60 ALBUMS @ 60 : #58


Love The Cup – Sons and Daughters (2004)

This is one of the increasing number of postings which me think  time is passing far too quickly.  It can’t really be 20 years now since Sons and Daughters burst on to the Glasgow scene and got lots of people very excited.

In those pre-blogging days, I wasn’t nearly as switched on as I should have been to what was happening in and around my home city.  A couple of work colleagues and associates, knowing my taste in music, had mentioned that I should check out Sons and Daughters as they were quiet the live act.  I was aware that they had two lead vocalists – one of who was Adele Bethel whom I’d seen on stage with Arab Strap. But in some ways this was one of the reasons I never pursued things to begin with, as I didn’t think she was capable of having the voice or personality to be centre-stage.

A video on MTV2 was my first introduction to the band.  It was the guitar riff and broad Scottish accent that grabbed my attention – the video had already gone past the bit where the info about the song and band had been on-screen, so I looked on in total ignorance.  The video itself, which had by now descended into a bar-room brawl, was also something to enjoy. Just as the song ended, the info came up, and I was formally introduced to the pleasures of Sons and Daughters and their debut single:-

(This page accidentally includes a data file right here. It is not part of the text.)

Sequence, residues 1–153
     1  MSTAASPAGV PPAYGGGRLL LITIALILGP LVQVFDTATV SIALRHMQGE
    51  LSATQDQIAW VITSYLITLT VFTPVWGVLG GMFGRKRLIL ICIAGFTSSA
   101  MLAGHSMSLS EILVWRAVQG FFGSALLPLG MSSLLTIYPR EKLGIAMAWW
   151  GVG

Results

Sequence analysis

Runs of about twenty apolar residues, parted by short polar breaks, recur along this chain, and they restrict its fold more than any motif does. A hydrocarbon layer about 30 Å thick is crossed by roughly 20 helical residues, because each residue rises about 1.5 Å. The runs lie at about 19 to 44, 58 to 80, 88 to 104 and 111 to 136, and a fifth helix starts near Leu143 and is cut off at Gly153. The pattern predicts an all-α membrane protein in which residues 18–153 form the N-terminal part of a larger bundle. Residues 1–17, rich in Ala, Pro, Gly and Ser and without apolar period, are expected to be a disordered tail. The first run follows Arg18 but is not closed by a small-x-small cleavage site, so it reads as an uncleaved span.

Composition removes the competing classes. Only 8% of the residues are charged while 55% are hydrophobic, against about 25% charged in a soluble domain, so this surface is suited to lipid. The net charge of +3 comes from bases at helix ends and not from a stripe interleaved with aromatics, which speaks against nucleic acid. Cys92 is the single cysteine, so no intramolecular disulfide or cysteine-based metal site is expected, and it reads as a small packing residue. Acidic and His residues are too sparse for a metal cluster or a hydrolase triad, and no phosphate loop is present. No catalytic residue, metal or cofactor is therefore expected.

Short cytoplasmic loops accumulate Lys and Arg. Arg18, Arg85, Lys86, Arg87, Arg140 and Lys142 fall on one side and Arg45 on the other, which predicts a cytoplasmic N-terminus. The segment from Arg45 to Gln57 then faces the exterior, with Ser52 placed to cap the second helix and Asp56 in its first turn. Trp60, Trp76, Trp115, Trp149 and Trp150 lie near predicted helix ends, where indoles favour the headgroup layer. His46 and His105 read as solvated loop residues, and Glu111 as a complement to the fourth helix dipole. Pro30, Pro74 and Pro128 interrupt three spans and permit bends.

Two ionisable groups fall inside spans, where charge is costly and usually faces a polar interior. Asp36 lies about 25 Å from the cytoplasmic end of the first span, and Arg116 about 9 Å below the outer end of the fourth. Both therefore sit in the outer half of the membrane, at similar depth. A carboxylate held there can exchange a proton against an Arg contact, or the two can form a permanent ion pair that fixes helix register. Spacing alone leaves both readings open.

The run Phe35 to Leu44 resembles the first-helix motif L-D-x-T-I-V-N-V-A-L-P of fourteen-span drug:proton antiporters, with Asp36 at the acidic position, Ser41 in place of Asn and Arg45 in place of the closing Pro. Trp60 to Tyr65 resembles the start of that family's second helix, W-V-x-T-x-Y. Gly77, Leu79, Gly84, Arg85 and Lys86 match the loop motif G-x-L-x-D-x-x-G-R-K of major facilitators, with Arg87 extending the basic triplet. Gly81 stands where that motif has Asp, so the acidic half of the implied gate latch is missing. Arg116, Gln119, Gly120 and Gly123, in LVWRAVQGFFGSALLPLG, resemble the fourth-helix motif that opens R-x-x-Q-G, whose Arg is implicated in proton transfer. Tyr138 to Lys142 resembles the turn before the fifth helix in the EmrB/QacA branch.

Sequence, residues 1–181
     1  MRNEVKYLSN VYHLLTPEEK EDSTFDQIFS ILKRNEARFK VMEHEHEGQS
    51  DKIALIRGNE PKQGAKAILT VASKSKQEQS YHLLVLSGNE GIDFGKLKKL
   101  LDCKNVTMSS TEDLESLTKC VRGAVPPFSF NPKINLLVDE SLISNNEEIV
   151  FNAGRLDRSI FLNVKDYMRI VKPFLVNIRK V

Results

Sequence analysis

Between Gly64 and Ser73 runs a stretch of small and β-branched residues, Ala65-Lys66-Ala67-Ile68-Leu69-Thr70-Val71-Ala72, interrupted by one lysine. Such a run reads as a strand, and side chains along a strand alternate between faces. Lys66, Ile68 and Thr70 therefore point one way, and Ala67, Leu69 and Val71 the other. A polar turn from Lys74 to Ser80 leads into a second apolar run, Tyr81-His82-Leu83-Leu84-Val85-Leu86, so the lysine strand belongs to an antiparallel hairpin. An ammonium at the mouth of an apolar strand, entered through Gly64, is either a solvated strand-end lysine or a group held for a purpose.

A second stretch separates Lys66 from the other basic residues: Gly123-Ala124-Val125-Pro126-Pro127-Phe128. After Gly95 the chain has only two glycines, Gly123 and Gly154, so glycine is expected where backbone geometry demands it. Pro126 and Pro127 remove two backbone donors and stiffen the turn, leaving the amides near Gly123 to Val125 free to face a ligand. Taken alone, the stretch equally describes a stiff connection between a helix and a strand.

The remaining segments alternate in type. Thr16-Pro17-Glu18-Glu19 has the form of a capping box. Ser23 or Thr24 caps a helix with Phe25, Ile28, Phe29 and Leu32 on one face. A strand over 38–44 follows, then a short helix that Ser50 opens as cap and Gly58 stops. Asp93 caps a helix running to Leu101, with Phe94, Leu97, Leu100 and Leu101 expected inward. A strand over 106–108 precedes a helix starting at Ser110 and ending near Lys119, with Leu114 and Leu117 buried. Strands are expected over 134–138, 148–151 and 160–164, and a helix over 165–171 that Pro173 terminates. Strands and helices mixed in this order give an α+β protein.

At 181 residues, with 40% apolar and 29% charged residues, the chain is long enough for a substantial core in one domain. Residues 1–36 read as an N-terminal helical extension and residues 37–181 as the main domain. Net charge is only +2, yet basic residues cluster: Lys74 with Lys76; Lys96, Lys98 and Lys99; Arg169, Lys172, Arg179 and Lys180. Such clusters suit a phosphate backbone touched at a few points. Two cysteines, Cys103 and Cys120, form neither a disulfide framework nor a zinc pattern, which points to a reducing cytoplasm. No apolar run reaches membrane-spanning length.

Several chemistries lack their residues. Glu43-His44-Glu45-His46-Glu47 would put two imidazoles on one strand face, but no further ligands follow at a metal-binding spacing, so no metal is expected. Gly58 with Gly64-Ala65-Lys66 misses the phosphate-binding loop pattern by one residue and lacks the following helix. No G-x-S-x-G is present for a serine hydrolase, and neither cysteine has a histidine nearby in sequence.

I was hooked.  The single was bought the following morning, followed soon after by the debut mini-album Love The Cup.

mp3: Sons and Daughters – Fight

They were a great live act. No gig ever fell into chaos, and with the vocal duties being spilt between Adele and Scott Paterson, there was never any desire or requirement to focus attention mainly on the one person on the stage.  Many of the songs had great instrumental breaks, which only highlighted the talent and tightness of the rhythm section of David Gow and Ailidh Lennon.

I never fell out of love with the band, catching them live on many an occasion whether as headliners or support acts, including at the cavernous Alexandra Palace in London when they opened for Nick Cave & The Bad Seeds in 2005, just after the release of the first full-length album, The Repulsion Box (which was under serious consideration for this rundown).

It was a sad day when they split in 2012, their full potential having never been realised. One of the many ‘should have been massive’ bands I’ve seen over the years.


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